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How Performable Is Verdi at the Met? — Continued

In my last blog, I extolled a 1935 Met La Traviata broadcast as an antidote to the Verdi performances of today, and invited readers to listen to Ettore Panizza conduct the preludes, and to Lawrence Tibbett deliver the goods in “Di Provenza.”
My friend Ettore Volontieri, who trained as a baritone before becoming an inimitable artists’ manager, wrote to remind me that the same January 5 broadcast features an equally memorable act two exchange between Germont and Violetta, with Tibbett and Rosa Ponselle. I refreshed by memory on youtube – and so it does.
But it irks me indescribably that neither the youtube posting nor any of the many posted comments see fit to mention Panizza or his orchestra. This duet would be a far lesser achievement without them. And their contributions seem doubly pertinent in the wake of Leonard Slatkin’s withdrawal from the current Met Traviata.
Reports that Slatkin failed to “support” his singers (I wasn’t there) skirt the heart of the matter. Panizza doesn’t merely support Tibbett and Ponselle – he instructs, he challenges, he ignites them. Obviously, one listens to this astounding performance gripped by Germont and Violetta, by Tibbett and Ponselle. Which is as it should be. But listen again and pay attention to what’s happening in the pit.
As I remarked last week, the 1935 Met possessed a great Italian orchestra. Researching my Classical Music in America, amazed by Panizza’s broadcasts, I visited the Met Archives and discovered that no fewer than 53 of 85 instrumentalists on the permanent 1934-35 roster had incontestably Italian names: Mario, Luigi, Ettore, Arturo, etc. And this Italian orchestra sounds Italian: the taut filaments of tone, the keen timbres, the velocity and precision of the playing make the Met orchestra an eager and knowing participant in the drama onstage. Honed and maintained by a master house conductor, it offers a kind of “support” little known at today’s Met: a binding style.
Among the electrifying attributes of this style, as embodied by a Panizza or Toscanini, is clipped, attenuated phrasings. These players drive to a cadence, or clinch a taut lyric continuum, with a burst of acceleration. Like the string portamentos we also no longer hear, it’s something in their blood.
In the Traviata duet in question, this quality of abruption transforms Violetta’s “non sapete” – her urgent plea for understanding. Panizza drives the orchestra’s stabbing interjections at a faster clip than Ponselle’s song. Where her desperation peaks, he summons an accelerating whirlwind she must ride. Only a soprano made of stone could fail to respond to this musical-dramatic vortex. (Yes, I know the ensemble is imperfect – forget about perfection.)
Who was Panizza? He was born in Buenos Aires and trained in Milan. From 1921 to 1931 he conducted at La Scala, where Toscanini esteemed him (as did Richard Strauss, who arranged for him to conduct Elektra in Vienna). His Met years were 1934 to 1943. Given his extensive European career, which also included Covent Garden, it bears emphasis that he considered the Met’s “as fine at theater orchestra as I have seen in the world.” During the war he returned to Buenos Aires, where he later had occasion to coach and conduct Leonard Warren in Simon Boccanegra and other roles new to him.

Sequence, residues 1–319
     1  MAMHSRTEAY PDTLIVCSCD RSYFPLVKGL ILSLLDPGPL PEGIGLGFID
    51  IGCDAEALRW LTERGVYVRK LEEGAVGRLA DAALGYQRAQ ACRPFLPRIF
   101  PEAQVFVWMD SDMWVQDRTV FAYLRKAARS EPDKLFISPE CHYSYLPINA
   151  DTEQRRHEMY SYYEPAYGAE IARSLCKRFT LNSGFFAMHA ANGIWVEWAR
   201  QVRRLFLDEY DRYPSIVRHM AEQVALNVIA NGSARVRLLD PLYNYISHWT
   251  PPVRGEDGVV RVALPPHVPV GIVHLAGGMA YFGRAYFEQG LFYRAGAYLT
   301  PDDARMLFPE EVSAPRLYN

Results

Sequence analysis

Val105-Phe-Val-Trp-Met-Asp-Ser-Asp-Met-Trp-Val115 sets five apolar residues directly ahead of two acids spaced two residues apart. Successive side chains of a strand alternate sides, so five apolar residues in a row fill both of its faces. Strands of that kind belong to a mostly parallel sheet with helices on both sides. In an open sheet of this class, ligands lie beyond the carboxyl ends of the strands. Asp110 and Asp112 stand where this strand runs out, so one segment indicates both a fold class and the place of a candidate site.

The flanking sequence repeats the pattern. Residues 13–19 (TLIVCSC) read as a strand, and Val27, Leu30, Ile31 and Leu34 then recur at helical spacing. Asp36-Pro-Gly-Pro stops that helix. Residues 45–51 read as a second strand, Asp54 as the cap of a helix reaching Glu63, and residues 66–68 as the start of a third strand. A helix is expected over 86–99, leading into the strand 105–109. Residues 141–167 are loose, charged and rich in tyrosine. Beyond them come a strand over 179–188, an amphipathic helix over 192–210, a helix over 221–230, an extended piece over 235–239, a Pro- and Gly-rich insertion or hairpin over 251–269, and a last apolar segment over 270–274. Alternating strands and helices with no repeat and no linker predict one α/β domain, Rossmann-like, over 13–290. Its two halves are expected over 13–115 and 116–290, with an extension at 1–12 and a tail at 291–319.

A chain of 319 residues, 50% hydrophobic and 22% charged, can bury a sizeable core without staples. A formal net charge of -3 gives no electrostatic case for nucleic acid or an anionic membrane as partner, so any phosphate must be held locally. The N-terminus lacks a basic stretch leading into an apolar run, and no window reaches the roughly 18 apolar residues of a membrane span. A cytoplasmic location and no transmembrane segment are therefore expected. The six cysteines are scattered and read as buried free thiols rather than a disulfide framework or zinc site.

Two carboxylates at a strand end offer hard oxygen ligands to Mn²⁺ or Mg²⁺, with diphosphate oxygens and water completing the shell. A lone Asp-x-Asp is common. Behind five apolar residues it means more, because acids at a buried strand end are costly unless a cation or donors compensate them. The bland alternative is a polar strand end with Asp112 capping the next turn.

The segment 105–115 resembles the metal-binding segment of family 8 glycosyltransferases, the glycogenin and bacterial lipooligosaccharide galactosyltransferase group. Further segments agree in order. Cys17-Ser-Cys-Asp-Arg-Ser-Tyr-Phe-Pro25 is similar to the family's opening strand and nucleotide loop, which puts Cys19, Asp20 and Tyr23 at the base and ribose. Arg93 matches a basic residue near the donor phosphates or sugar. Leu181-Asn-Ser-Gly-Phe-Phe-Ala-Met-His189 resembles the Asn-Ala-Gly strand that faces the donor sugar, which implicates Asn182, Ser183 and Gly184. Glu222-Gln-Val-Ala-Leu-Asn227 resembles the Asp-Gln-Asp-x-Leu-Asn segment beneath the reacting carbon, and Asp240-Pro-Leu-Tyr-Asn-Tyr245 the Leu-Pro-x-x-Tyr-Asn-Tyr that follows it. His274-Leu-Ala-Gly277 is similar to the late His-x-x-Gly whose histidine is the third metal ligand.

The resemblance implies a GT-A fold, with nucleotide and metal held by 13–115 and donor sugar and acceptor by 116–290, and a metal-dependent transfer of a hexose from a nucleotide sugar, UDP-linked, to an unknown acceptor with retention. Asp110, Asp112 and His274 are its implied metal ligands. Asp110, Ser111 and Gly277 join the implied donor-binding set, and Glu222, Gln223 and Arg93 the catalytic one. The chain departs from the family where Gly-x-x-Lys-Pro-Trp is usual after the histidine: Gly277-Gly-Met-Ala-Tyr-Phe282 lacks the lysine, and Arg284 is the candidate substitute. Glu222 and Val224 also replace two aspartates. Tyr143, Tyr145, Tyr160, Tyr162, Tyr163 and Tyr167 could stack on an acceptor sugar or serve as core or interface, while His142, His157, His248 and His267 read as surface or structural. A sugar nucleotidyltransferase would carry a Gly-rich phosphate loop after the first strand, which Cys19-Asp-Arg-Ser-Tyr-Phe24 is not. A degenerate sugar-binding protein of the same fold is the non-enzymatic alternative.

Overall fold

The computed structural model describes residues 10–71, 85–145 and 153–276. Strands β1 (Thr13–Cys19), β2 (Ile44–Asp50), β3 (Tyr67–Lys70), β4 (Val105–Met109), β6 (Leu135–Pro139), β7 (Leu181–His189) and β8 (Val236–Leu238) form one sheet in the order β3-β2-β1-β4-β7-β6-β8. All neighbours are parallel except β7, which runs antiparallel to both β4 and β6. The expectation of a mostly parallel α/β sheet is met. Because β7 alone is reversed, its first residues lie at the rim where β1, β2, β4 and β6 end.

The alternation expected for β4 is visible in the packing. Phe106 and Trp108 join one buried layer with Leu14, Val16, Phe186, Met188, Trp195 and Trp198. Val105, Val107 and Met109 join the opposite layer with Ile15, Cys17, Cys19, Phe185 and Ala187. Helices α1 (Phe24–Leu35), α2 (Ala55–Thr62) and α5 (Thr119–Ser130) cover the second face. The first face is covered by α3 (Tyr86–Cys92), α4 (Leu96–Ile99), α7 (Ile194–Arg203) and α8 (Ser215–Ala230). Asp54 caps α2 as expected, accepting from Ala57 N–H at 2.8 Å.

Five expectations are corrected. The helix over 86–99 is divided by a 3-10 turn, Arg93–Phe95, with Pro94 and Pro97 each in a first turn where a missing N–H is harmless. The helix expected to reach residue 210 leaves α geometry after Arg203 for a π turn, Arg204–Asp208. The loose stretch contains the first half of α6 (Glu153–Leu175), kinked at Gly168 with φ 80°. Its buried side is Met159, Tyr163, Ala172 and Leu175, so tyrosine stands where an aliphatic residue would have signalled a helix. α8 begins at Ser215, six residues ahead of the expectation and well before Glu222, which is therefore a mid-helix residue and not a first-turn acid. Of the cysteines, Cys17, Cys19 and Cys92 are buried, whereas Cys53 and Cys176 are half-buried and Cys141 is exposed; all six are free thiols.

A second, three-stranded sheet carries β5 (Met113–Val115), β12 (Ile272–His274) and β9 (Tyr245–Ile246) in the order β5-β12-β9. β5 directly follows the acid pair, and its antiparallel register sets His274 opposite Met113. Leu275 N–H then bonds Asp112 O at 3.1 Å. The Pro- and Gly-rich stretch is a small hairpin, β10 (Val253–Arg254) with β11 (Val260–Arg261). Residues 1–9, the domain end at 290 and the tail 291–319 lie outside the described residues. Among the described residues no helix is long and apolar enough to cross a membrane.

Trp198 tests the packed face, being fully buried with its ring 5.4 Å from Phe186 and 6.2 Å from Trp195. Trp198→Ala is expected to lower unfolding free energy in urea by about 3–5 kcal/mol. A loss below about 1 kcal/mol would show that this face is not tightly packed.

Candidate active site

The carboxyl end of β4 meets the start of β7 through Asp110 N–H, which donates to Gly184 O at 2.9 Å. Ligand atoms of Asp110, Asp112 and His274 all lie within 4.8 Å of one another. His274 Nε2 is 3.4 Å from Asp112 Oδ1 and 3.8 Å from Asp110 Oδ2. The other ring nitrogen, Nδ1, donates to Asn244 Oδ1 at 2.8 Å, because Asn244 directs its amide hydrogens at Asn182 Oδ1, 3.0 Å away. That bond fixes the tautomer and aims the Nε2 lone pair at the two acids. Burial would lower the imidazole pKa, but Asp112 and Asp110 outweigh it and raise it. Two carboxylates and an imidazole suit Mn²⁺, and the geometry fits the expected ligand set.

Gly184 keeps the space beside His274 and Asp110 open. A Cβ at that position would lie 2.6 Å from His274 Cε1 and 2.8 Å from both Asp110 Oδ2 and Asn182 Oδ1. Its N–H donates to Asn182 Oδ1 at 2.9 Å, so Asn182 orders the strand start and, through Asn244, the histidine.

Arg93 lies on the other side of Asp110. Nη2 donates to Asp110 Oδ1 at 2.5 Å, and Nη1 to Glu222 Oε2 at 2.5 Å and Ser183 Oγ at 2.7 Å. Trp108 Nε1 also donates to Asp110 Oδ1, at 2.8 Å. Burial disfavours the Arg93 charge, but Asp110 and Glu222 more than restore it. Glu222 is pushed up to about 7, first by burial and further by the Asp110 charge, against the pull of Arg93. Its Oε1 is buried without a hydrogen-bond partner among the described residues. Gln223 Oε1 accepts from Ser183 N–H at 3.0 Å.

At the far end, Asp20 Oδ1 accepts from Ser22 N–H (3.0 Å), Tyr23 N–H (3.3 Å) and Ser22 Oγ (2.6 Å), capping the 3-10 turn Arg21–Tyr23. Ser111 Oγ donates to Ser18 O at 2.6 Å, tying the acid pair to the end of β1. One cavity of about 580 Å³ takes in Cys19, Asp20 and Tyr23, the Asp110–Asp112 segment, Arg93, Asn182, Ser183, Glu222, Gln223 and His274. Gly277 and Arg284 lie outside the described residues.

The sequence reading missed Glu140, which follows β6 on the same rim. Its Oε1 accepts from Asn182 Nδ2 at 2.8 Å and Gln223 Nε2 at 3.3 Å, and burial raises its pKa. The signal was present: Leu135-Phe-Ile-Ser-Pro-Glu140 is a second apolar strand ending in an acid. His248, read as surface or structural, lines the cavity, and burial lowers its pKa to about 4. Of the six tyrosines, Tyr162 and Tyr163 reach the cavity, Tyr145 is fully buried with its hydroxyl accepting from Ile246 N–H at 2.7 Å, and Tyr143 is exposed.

At the Met, it was Panizza and his orchestra that stylistically bound the polyglot casts. Tibbett was a sheriff’s son from Bakersfield, California, who discovered music in the local Methodist church. Frederick Jagel, Tibbett’s Alfredo, was Brooklyn-born. Ponselle grew up in Connecticut among Italian immigrants.
Reading contemporaneous reviews of Met performances such as Panizza’s Traviata is a humbling experience. That they upheld the house standard is simply taken for granted. Similarly, to listen to the Met audience respond to the various numbers is to glean an opera public that is appreciative and discerning in equal measure, and that applies the highest expectations. These expectations become a performance factor: listeners influence singers. (Never has the Met audience seemed as clueless as today. But I notice no decline in critical understanding among demonstrative Rangers fans at Madison Square Garden.)
My own Met opera-going dates back to a 1962 Masked Ball led by Nello Santi. I cannot count the number of Verdi conductors I have since encountered in New York (a list unfortunately not including Carlos Kleiber). I have never encountered anything like Ettore Panizza.
To be sure, Panizza and his Italians were not a band for all seasons. Panizza’s 1939 Boris Godunov broadcast (with Ezio Pinza) contains no revelations. How did the same Italian orchestra fare in Wagner? Its bright timbres still sound Italian. Fortunately, the house conductor for the German wing – Artur Bodanzky – was a febrile Wagnerian, poles apart from a Furtwangler or Knappertsbusch. Bodanzky is my favorite Siegfried conductor. In fact, the Met Siegfried broadcast of January 30, 1937 — with Lauritz Melchior, Kirsten Flagstad, and Friedrich Schorr – is the only viable Siegfried I know (who since Melchior can be said to have owned this opera’s treacherous and implausible title role?). To listen to those Italians sing their way toward Brunnhilde’s awakening, then light their powderkeg, is to relearn the expressive possibilities of this epochal symphonic passage. It’s on my website.
That Bodanzky’s successor was Erich Leinsdorf encapsulates in a sentence the decline of Wagner conducting at the Met in the decades to follow – another story for another time.

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